And then there’s the pacing. Literally nothing happened for most of this book. There’s a lot of intrigue and gossiping and her learning how to use her powers, but after the initial attack-laden voyage to the Little Palace not a whole hell of a lot happens. Which I think is why I was so relieved when the Darkling (no, we never learn his real name) and Alina start slipping away to grind in empty rooms. Because there was nothing else to look forward to, at all, and when he finally started rubbing up on her at least I had something steamy to occupy my attention.
Then, there’s this big reveal and OH, THE BETRAYAL, and I really hoped it would get good, but, meh. There is basically one hundred pages of mediocre pursuit and hiding punctuated by the utterly transformed Darkling. See, before this big reveal, he was actually kind of a nuanced, interesting character. After the big reveal he was suddenly archetypical villain galore, a la this scene from the best show ever:
And then, he got boring, and predictable, except for the fact that maybe he still has a legitimate boner for Alina still, god knows why. Only the sequel will tell.
So, I just spent about 700 words ripping this book a new one, but I mentioned at the beginning of this review that I felt torn. Why? Because despite the fact that this book was basically a disappointing dud, for some reason it was still really compelling and I read it really, really fast. I think this could be another instance of when, like Twilight, my somewhat intelligent brain can recognize that the book is actually kind of terrible, but my escapist tendencies get lost in the wish-fulfillment fantasy of it all. The fantasy world that Bardugo creates is so lush and unique and, I’ll admit it, totally captivating that I am almost willing to say that I’ll give the next installment in this trilogy a try to see if the story crafting improves. The jury is still out on that one.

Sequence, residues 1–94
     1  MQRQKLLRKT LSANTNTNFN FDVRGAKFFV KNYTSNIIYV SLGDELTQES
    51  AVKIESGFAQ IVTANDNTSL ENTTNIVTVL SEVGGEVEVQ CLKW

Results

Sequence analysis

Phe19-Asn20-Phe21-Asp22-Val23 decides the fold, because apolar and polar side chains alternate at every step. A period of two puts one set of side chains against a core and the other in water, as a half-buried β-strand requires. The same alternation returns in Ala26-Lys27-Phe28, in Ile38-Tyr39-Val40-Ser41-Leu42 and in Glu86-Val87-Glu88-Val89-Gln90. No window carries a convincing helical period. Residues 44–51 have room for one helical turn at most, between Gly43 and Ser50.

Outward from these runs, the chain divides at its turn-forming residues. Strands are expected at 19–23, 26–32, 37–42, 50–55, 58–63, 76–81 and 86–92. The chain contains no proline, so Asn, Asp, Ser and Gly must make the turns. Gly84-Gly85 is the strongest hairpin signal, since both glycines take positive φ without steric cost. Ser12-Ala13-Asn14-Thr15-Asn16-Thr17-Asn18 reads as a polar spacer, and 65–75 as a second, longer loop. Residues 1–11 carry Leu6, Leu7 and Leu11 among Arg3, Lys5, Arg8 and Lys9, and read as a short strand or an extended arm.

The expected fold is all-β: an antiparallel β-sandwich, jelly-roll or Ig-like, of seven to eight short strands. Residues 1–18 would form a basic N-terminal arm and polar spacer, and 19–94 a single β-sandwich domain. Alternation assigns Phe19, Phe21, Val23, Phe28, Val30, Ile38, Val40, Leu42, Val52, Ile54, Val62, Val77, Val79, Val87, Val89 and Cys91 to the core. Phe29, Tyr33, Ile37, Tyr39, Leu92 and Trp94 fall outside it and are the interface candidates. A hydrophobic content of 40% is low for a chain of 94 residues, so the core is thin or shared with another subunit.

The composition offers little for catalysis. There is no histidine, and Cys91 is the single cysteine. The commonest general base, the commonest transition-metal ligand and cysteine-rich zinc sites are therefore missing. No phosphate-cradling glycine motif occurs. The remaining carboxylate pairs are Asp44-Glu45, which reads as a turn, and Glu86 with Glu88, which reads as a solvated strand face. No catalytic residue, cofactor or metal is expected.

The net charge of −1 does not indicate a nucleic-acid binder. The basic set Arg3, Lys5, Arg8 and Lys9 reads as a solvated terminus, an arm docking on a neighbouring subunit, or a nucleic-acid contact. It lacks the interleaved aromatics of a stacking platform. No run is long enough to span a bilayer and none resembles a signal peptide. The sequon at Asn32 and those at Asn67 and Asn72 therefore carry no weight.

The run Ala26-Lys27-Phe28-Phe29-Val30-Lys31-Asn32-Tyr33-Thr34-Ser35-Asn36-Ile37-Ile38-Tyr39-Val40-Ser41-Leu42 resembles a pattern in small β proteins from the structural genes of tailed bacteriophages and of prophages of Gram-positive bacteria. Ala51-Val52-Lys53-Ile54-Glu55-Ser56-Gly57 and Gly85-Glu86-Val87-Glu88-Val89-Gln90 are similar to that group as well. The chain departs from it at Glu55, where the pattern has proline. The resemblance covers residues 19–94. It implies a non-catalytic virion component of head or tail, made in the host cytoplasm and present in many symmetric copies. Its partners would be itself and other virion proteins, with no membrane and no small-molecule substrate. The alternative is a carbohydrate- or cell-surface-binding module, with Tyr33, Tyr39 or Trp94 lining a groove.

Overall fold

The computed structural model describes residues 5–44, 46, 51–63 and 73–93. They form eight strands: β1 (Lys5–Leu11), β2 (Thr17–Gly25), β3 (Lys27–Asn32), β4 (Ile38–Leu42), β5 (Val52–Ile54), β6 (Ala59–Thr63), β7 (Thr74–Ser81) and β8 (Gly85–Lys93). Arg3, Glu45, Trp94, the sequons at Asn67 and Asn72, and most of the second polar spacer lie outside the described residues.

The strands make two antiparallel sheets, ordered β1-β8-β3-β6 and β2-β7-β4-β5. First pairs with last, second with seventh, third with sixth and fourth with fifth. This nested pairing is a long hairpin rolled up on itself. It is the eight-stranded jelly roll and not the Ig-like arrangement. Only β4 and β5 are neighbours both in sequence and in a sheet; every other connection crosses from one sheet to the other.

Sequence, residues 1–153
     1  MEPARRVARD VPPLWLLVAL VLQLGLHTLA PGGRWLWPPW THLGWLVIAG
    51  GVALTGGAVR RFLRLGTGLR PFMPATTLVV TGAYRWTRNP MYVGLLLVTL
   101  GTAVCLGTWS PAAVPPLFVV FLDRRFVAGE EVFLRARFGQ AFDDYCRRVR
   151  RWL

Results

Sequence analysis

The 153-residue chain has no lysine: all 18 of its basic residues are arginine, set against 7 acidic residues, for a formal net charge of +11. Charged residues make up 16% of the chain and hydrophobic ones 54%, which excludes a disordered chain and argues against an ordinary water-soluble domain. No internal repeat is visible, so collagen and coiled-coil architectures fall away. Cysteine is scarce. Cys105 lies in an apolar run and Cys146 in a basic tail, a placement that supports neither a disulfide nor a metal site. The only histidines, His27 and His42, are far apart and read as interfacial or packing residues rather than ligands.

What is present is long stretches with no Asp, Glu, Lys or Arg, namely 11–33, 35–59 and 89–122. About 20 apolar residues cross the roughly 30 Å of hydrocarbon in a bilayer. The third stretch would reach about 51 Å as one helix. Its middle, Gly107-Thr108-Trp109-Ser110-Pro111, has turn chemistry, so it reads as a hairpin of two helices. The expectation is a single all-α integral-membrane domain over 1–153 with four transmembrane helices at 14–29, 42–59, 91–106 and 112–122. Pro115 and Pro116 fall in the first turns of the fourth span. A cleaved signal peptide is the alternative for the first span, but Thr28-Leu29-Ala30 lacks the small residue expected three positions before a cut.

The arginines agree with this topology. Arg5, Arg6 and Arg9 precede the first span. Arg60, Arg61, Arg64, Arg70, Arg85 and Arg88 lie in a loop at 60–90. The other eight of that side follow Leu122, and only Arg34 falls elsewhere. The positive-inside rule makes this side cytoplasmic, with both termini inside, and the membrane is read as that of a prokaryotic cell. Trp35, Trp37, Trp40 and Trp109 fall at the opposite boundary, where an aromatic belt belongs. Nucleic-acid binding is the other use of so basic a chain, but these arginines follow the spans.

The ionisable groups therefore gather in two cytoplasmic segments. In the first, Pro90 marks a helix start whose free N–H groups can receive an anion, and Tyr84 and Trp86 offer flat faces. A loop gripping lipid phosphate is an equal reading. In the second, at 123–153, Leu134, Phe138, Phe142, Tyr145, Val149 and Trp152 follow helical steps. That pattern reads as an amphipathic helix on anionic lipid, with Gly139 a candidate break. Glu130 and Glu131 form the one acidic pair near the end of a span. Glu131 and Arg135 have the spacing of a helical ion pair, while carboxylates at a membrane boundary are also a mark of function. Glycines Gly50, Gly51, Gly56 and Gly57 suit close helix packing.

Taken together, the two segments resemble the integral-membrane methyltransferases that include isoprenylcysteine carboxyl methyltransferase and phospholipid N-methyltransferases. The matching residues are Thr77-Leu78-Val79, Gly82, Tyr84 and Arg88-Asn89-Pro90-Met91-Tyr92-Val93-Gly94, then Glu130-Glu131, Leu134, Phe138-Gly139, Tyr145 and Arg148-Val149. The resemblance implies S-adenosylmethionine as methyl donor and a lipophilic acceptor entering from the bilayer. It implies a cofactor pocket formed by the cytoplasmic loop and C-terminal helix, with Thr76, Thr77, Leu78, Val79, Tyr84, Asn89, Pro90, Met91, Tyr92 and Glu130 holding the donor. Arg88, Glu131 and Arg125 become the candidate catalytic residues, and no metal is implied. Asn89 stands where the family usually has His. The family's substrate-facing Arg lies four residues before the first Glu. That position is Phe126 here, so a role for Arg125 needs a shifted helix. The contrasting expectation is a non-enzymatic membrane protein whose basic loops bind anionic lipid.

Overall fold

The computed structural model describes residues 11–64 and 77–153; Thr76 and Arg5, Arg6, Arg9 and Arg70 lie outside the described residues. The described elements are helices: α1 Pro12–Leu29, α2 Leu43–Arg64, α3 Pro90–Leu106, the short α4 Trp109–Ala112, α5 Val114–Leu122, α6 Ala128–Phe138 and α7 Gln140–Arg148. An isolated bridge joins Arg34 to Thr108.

And, just to be clear, I think all these “professional” reviewers who raved about this book and made me want to read it in the first place were clearly on drugs when they read it.
For music, I am taking back to my seventeen year old self’s school of cool for AFI’s “Porphyria Cutanea Tarda,” mostly for the one line from the chorus, “In darkness together we’re bringing the light.” I can’t say anything else without getting too spoilery, or at least, any more spoilery than my review already is.
Where I got it: the library